Greek Roast Lamb

Image of daffodils in the garden

Easter means lamb to me and it’s a big favourite at Portly HQ but with spring in the offing I’m looking for something brighter and fresher-tasting than a traditional Sunday roast. Nor do I want to spend all day faffing in the kitchen when I can be catching up on the family’s news whilst quaffing unseemly amounts of wine.

This is (almost) a one-pot meal that’s bursting with punchy flavours – and once the dish is in the oven you can pretty much forget about it. It only needs a few spring vegetables and maybe a minty yoghurt sauce to round it off.

Normally I’d use fresh oregano in the herb paste, but mine is barely showing its head above the ground, so I’ve gone with thyme and rosemary. Don’t omit the lemon slivers, they give the lamb a lovely citrusy boost.

Greek Roast Lamb

Image of Greek Roast Lamb with poatoes, garlic, herbs and lemon


1 leg of lamb, about 2kg

1 lemon

A big sprig of rosemary, leaves stripped from the stem and finely chopped

A handful of thyme sprigs, leaves picked from the stems

1 whole head of garlic plus four more cloves (and another for the sauce)

Olive oil

1 to 1.5 kg baby new potatoes

Salt and freshly ground black pepper


Pound four cloves of peeled garlic with a pinch of sea salt in a mortar. Add the thyme and rosemary and pound again to make a thick paste. Zest the lemon into the pot then juice half of it. Add the lemon juice and a couple of glugs of olive oil to the paste, whisking to blend.

Slice a dozen or so thin slivers from the squeezed lemon half. Cut incisions into the lamb and push the lemon into the slits. Smother the lamb with the herb paste and leave to marinate for at least a couple of hours or overnight.

Image of lamb covered in herb paste

Preheat the oven to 220C/425F/Gas Mark 7.

Spread the baby new potatoes over the base of a roasting tin in a single layer (cut them in half if they’re too big), season with salt and pepper and toss with a few tablespoons of olive oil, mixing in any marinade not actually stuck to the lamb. Cut the whole unpeeled bulb of garlic in half horizontally and add to the tin.

Image of new potatoes and garlic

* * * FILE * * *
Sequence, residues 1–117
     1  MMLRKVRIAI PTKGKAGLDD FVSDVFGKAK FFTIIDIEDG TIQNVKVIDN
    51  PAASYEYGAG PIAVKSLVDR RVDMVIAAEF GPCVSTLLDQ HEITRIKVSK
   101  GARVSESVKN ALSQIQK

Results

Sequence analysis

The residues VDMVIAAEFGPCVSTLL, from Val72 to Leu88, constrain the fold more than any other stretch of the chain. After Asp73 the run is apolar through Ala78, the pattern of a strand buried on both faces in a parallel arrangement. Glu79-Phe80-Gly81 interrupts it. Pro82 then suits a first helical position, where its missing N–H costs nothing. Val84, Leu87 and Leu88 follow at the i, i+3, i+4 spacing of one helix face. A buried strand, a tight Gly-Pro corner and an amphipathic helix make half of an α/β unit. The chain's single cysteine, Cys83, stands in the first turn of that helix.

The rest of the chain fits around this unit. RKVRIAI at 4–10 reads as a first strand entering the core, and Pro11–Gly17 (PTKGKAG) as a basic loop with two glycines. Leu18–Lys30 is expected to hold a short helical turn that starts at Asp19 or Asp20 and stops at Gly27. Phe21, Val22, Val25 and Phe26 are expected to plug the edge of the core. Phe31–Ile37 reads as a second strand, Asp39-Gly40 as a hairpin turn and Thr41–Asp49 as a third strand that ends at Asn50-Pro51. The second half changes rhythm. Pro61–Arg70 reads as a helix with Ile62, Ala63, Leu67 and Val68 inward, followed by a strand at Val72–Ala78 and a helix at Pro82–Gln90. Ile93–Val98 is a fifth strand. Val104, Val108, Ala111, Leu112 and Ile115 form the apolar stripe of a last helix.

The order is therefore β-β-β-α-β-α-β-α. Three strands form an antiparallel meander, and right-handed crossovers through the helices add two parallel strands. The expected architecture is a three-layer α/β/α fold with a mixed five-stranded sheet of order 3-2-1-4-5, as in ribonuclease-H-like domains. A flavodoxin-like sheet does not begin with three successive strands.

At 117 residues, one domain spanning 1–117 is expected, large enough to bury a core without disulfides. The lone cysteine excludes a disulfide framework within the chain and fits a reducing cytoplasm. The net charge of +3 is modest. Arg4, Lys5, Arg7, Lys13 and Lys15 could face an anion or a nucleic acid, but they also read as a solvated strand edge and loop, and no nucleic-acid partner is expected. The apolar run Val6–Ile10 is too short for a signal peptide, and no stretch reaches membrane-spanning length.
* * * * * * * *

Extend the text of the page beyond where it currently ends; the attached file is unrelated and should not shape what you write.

Nestle the lamb in amongst the potatoes and roast for 15 minutes. Turn the oven down to 200C/400F/Gas Mark 6 and cook for a further hour for medium rare or another hour and 15 minutes if you prefer it well done. (As a rough guide, I usually roast lamb for 20 minutes per 500g plus 20 minutes but I like my lamb pink so add five minutes or so per 500g if you like it done more.)

Then remove the lamb and set aside somewhere warm to rest for 15-30 minutes, loosely tented with foil. Check the potatoes are done and if not, continue to cook while the lamb is resting. When they’re cooked, squish the softened garlic with a spoon, stirring it through the potatoes and discarding the papery bits.

For the sauce, mix Greek yoghurt with crushed garlic, olive oil, salt and pepper, whisk well together and stir in a big handful of chopped fresh mint. Given the quantity of garlic elsewhere in the recipe you might want to err on the side of caution here. One fat clove is probably enough.

Image of Greek Roast Lamb, plated

11 thoughts on “Greek Roast Lamb

  1. This is one of my favourite ways of eating lamb – lots of herbs, garlic & lemon, sometimes I add a healthy spoon of mustard to the paste as well. Now I am wondering why I cooked beef stew this Easter??? Nicole

    • I love beef stew, nothing wrong with that! We had a big houseful of family and friends so the lamb was a handy way of feeding the masses. It seemed to go down well (not many leftovers).

      • How good, I could nearly smell the wonderful aroma, I tell you. No five thousand here, so there’s one of the reasons for our boeuf bourguinon, I suppose. Marvellous but not exactly classic Easter fare. N.

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